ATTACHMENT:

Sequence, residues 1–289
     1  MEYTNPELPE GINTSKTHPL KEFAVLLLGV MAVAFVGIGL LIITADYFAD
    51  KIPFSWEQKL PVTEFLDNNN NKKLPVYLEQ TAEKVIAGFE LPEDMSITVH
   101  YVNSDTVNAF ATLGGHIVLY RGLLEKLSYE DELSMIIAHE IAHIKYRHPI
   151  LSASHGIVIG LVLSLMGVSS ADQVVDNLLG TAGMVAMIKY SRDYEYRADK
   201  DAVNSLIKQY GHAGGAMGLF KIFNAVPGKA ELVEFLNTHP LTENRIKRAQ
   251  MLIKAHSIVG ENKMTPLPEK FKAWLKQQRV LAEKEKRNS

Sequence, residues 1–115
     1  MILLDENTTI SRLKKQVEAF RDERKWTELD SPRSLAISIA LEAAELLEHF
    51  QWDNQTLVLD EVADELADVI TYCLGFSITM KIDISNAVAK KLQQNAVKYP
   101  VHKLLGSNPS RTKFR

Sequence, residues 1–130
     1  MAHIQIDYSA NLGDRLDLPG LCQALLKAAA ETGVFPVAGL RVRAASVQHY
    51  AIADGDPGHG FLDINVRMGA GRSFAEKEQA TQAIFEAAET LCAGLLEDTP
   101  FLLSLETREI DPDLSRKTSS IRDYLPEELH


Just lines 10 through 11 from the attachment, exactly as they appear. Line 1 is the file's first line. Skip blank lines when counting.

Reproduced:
    51  QWDNQTLVLD EVADELADVI TYCLGFSITM KIDISNAVAK KLQQNAVKYP
   101  VHKLLGSNPS RTKFR